Using Spam Cop
2007 March 15 Thursday
Having signed up for SpamCop, I lost enthusiasm about the idea of actually reporting the junk mail that I had received from 184.108.40.206. After all, I'm busy. I have an ongoing stream of problems with which I am confronted, such as the question of how, efficiently, to rectify this:
"I'm afraid of cockroaches since ever I was an elementary school children."
So, I thought, hey, I'll let this thing slide.
But today, when I opened up my Japan-based e-mail box again, there was a second spam message from the same bloody outfit, inviting me to join up with them and have my message spammed to over ten million victims scattered around planet Earth.
Well, that did it!
I logged in to SpamCop for the first time, not sure if I would persevere if it proved to be wretchedly technical. But I found the whole thing straightforward and effortless.
First, they allow you to copy and paste your user name and password, which is what I like to do. Then they give you three options for reporting, and the one I took was to paste the entire text of the e-mail, including headers, into a box.
I pasted and clicked, and their software decrypted the technical gobbledygook and confirmed my surmise, which was that the source was 220.127.116.11.
They had a box in which you could add an optional additional comment, and mine was that these guys had just gone and spammed me a second time in twenty-four hours.
Now I know the process is this easy, I'll make a point of sending the blatantly fraudulent e-mails that I receive, the ones purporting to be from my American bank (which, routinely, sends flyers with statements warning that they never initiate contact by e-mail) or purporting to be from PayPal about my PayPal account. (I don't have one!)
So, given that it's so easy, I'll do it. A fraudulent PayPal e-mail was one that was cunningly designed enough to slip past Gmail's spam filter.
So, yeah, as far as I'm concerned, the war on spam is on.
Apart from getting tempted into the spam war mudfight, I've been pushing ahead steadily with the book of poems I have in progress, GENGHIS LOTUS POETRY COLLECTION. Here is a sample, a revised version of a poem first published in the literary miscellany THIS IS A PICTURE OF YOUR GOD, back in 2005, which seems an enormously long time ago now:
THE ACTIVE CHILD
The active child is, for our purposes,
Chaos rebutting entropy.
She is flamboyant with invention,
With starbursts of astonishment.
Her creation is blamsplam,
Bursting from her seamlets,
Going forth to conquer.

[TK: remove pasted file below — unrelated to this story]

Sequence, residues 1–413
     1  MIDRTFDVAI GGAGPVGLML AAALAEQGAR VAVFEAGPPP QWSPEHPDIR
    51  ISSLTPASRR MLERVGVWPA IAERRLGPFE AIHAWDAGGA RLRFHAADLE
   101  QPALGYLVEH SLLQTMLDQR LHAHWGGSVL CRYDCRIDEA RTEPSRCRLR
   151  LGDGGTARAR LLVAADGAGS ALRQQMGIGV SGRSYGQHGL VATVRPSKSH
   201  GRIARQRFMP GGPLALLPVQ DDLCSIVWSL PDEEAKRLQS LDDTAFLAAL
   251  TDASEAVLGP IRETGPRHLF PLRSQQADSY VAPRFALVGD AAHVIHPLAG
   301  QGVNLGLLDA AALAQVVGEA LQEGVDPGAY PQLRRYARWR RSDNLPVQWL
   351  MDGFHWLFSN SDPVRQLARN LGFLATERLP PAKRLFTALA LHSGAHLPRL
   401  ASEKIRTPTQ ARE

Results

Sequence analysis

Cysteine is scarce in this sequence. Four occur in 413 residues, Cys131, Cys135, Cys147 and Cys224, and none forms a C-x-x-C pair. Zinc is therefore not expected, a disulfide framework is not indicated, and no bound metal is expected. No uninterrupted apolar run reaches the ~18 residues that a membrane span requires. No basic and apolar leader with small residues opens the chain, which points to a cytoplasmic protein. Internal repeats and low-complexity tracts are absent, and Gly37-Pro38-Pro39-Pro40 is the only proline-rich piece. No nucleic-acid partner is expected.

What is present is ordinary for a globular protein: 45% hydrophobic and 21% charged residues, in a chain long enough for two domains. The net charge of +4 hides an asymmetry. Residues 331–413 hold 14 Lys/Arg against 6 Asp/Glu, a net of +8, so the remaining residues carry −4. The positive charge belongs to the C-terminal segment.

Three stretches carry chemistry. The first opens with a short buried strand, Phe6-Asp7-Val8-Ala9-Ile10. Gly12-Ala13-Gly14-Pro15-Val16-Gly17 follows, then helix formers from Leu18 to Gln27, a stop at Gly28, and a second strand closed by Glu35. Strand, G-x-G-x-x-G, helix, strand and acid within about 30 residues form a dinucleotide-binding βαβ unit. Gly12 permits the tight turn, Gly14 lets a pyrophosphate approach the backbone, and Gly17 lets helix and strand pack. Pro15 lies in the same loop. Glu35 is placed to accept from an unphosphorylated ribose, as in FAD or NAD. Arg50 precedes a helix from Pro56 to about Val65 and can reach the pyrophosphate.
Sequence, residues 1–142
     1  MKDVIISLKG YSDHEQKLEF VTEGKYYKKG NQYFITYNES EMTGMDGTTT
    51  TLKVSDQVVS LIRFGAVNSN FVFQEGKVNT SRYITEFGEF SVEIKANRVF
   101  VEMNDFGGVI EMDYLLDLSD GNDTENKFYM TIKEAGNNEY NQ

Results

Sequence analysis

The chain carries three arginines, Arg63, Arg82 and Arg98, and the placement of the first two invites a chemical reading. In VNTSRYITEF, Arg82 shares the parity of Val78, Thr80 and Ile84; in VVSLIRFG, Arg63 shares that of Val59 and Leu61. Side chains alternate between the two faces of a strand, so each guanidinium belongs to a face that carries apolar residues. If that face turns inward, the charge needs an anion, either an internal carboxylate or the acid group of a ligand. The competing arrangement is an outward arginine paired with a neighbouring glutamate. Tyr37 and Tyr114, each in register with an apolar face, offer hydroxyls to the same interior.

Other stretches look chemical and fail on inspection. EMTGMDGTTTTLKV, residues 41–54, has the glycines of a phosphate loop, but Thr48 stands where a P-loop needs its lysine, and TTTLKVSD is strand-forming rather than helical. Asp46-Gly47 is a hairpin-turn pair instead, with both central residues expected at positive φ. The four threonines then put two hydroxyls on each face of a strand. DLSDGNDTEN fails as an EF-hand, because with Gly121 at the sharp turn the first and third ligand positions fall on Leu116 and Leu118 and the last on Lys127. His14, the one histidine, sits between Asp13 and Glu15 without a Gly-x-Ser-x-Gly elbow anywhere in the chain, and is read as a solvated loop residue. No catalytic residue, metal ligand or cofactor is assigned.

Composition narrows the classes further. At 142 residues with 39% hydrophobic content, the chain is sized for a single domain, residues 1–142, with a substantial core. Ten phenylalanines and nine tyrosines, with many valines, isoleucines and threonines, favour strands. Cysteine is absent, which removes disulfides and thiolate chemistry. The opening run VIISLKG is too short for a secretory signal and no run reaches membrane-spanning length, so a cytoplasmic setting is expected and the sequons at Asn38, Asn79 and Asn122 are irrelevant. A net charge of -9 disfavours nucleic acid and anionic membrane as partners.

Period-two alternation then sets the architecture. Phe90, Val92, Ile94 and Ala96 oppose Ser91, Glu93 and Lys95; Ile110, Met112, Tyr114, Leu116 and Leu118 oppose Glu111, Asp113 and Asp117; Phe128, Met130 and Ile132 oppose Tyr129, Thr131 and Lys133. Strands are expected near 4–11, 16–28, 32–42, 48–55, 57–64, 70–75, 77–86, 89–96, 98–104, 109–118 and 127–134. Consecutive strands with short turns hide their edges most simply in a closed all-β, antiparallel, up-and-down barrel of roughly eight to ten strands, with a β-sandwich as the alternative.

From her ninety-nine infinities
Populating her planet,
The active child is a crowd, a contingent,
A mob scene in action.
One and none makes ninety.
My lethal conditions,
My unappeased fingernail syndrome,
My afabricated blotting paper psychosis,
My case of turnip's scurf and lugwump's mound,
Fall off their get-well-soon cards
And forget themselves.
She cleos her patras and is empress,
Coming, like it or not.
She is life at the crescendo,
Her own firebird suite,
Her own exultant fanfare for herself.
Energy in excess is her personal trademark,
Her patent the burning moment,
Her logo the living sun.
If you want the use of the four wild winds,
She requires your royalties.
She is her own one-woman motorbike gang,
On her titchy little three-wheeled plastic bike.
She is Miss Trophy Triumph,
Miss Tomato Thief,
Mistress of the flower-stealing grin.
She is someone's daughter,
The one who continues,
The one who does not die.
She is mine.
She is the intolerable demand, the no-can-cope,
Forcing a larger existence,
Like it or not.
She is life beyond cancer.
Caught in the incandescence of her expanding star
I have not the option to be cinders.
Fortunately, there is help.
Grinding up the steak was a great idea
For the delinquent daughter.
For this and many more —
You know the score —
A truly thank you.
The active daughter continues to be active, in the manner of her agegroup. The other day I delivered daughter Cornucopia to the daycare and found a whole mob of demonic infants storming the new playstructure on the grounds.
It looked like the mob that stormed the Bastille.
Today a daycare teacher handed me a letter to deliver to my wife, and it turned out to be about the decision reached by the daycare's principal. He will grant my wife's request that Cornucopia's boxes, the places where I will have to deposit her stuff, will be in easy-to-find places. And all the teachers will be briefed on my eyesight issues.
Cornucopia has by now recovered from her bout of flu, and the week spent at home seems to have reset her clock. She had gotten into the habit of waking up inconveniently early, at 0630, but now she sleeps snoozily through until her mother rouses her at about 0715.
I thought that if we changed our departure routine then she might protest at not seeing her daily dose of the NHK television novel, so, to circumvent that, I decided that we would switch to NHK's channel three, the arts program, before the novel, which starts at 0815, just five minutes before my new departure time of 0820.
I thought the arts program would at least offer us something other than demented robot wars or raucous commercials. What it did in fact offer was high-quality early morning TV, which Cornucopia, who usually ignores morning TV (genocide in Darfur, those pesky North Koreans with their nuclear jockstrap fetish, all that boring adult stuff) went and sat herself down in front of the TV and watched with fascination.
And, arriving as I now do ten minutes earlier at Waniguchi Gakko, I have time to sort out my files, plan my lessons, and sort out any problems the Japanese staff have made for me. Yesterday it was that the room numbers were missing from the day's schedule, and the day before it was that the previous day's schedule had been reprinted, masquerading as new.